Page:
The Uplift War, coverIf we are still fond of the idea of interplanetary romance, we might find a possible work-around in the shapeshifter.  The Tymbrimi female Athaclena in Brin’s The Uplift War (1987) uses her species’ unusual abilities to adjust her appearance closer to that of a human female—but of course she has an entirely different genetic heritage, as that ability itself demonstrates.  The result wouldn’t meet our criterion of interfertility, no matter how close the similarity in physical structure.  To adjust one’s genes in the same way would be another order of change altogether.

Starman movie posterThe 1984 movie Starman, in a way, plays off this idea.  The alien in this case is apparently an entity made of pure energy, without a physical structure of its own.  Using hair from the female lead’s deceased husband, it creates a new body with a human genetic structure.  The two do, eventually, prove to be interfertile.  If we’re willing to accept the notion of an energy being in the first place, this approach is actually more plausible than, say, mating with the oviparous Dejah Thoris.

If one were writing a SF story today, it would be rash to assume that Earthborn characters could run across independently evolved humans elsewhere.  The idea may not be entirely inconceivable.  But it’s out of fashion for good reasons.  Attractive as the notion of interplanetary romance may be, at this point we’d best confine it to the kind of case noted above, where some common ancestry—no matter how far-fetched—can account for the common humanity.

Happily Ever After

Six weeks ago I complained about the lack of happily-ever-after romances in the Star Wars series.  It occurred to me that it would be useful to take a look at what exactly makes for a “happy ever after” ending (“HEA” in genre romance code).  What do we really mean by that, anyway?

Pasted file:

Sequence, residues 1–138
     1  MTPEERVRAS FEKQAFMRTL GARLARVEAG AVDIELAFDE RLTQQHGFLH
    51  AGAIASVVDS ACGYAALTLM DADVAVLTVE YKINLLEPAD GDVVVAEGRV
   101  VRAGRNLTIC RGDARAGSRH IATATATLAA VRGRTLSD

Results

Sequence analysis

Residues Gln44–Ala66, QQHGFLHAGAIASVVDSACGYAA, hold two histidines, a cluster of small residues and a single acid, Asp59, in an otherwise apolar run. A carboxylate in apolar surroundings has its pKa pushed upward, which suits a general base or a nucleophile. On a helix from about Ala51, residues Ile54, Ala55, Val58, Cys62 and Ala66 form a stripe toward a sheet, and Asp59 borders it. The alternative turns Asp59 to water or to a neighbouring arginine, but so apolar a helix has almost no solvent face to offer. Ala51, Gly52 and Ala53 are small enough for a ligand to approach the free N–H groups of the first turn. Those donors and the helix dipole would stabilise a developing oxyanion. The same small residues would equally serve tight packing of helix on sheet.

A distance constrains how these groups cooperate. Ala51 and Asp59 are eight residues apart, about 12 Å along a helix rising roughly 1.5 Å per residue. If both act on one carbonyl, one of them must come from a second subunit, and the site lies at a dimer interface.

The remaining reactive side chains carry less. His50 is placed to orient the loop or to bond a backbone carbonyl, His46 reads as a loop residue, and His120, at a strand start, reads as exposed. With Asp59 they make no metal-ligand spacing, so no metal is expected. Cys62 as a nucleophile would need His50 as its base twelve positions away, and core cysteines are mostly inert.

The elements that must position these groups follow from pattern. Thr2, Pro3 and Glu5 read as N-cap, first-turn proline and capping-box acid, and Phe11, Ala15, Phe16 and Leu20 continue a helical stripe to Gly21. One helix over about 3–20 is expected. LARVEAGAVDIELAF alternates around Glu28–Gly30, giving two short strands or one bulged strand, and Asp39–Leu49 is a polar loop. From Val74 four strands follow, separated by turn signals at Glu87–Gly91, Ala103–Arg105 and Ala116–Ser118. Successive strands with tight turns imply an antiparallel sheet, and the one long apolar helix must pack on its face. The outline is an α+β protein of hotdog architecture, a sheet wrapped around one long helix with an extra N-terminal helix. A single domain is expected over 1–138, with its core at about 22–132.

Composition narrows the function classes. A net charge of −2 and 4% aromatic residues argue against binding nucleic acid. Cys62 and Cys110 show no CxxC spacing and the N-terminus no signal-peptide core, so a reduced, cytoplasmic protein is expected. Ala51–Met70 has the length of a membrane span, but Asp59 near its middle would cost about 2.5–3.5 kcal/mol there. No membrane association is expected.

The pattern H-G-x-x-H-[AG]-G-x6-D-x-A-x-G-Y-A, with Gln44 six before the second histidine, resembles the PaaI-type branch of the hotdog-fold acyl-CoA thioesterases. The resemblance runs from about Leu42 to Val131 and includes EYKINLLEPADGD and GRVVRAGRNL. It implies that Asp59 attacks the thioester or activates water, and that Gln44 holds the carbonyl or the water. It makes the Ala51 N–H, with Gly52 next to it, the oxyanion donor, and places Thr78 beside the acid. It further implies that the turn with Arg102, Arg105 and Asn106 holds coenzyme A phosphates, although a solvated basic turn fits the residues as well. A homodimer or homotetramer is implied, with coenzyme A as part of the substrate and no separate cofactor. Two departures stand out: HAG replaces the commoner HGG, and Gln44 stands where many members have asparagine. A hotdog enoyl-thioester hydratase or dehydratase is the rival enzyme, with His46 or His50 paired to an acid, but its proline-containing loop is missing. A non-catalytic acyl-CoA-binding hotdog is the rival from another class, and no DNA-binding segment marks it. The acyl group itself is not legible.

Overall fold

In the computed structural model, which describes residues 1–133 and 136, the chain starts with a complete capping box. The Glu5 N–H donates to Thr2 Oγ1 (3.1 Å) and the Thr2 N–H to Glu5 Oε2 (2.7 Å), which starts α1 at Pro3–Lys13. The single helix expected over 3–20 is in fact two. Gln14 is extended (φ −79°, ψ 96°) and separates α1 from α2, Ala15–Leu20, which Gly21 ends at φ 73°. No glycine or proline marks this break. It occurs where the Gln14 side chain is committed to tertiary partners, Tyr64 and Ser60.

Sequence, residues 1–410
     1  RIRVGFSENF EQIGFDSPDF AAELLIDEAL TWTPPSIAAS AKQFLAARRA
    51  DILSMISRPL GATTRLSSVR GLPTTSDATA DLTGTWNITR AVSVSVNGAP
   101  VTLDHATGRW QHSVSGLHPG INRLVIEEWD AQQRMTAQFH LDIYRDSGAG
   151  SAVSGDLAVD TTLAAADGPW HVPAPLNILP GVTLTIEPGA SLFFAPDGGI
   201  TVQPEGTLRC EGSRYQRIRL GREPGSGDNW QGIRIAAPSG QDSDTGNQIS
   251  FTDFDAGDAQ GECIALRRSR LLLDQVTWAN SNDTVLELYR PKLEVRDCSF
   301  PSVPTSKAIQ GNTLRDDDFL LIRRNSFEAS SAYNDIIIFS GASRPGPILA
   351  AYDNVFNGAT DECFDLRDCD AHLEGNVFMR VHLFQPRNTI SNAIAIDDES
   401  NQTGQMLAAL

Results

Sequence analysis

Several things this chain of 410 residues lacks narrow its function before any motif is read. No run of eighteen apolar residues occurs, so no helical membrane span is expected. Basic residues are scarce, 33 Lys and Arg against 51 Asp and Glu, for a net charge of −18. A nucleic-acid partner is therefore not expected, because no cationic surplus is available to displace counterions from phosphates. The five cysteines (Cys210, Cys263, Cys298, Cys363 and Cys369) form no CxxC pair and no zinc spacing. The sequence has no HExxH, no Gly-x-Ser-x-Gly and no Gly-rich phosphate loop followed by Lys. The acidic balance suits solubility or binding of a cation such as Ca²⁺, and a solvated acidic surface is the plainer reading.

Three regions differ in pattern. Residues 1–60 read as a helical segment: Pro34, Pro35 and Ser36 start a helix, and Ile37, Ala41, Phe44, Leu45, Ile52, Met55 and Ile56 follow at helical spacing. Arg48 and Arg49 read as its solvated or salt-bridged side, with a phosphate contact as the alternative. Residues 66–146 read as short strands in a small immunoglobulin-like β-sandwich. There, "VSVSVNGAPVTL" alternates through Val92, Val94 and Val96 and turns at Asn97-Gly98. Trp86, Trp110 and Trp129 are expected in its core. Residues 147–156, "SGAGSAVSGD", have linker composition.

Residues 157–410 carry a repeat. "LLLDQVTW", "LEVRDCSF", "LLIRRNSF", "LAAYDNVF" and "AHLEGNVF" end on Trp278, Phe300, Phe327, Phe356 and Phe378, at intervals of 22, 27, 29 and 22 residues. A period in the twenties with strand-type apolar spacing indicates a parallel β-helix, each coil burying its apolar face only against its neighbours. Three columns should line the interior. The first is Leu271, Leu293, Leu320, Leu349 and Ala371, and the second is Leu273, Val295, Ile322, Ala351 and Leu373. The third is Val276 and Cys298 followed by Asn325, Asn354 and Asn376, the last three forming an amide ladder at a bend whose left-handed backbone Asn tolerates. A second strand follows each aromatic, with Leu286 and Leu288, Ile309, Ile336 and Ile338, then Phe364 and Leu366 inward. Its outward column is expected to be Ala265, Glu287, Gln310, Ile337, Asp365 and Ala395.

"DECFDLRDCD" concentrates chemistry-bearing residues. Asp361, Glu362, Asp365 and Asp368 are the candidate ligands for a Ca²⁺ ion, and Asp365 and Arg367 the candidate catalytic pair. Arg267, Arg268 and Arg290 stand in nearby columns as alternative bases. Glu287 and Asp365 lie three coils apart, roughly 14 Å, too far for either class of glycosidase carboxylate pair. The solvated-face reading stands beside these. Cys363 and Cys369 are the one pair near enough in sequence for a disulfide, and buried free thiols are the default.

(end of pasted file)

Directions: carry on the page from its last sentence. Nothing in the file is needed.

The Thrill of the Chase

All the world loves a lover.”  We enjoy seeing stories about people falling in love, whether it’s with someone they’ve just met or by discovering someone who was always “right before my eyes.”  (Unless, of course, we’re too cynical to give any credence to so vulgar and sentimental an idea; in which case it’s the trope we love to hate.)  I’d call it the courtship phase of a relationship, if that term weren’t so archaic.  But “courtship” does express in a useful way the stage I’m referring to, when the lovers-to-be are maneuvering around each other, trying to figure each other out, and (almost invariably, in fiction) overcoming initial obstacles to their mutual attraction.

Couple silhouetted against sunset

“Forever Mine” by welshdragon at DeviantArt

It’s not hard to see why this is.  The courtship phase includes a lot of fun stuff.  We get to see the thrill of discovery, the novelty, the tentative reaching-out and missing connections, the achievement of initially establishing a base of trust and affection.  There’s uncertainty and thus suspense in those first contacts.  The process reminds me of the “handshaking” by which communications systems establish a protocol for exchange of information (anybody remember that windy ‘modem connecting’ sound on a dial-up connection?).

And this process is both tricky and essential.  The relationship can’t move forward until the common foundation is established.  I’ve quoted Lois McMaster Bujold before: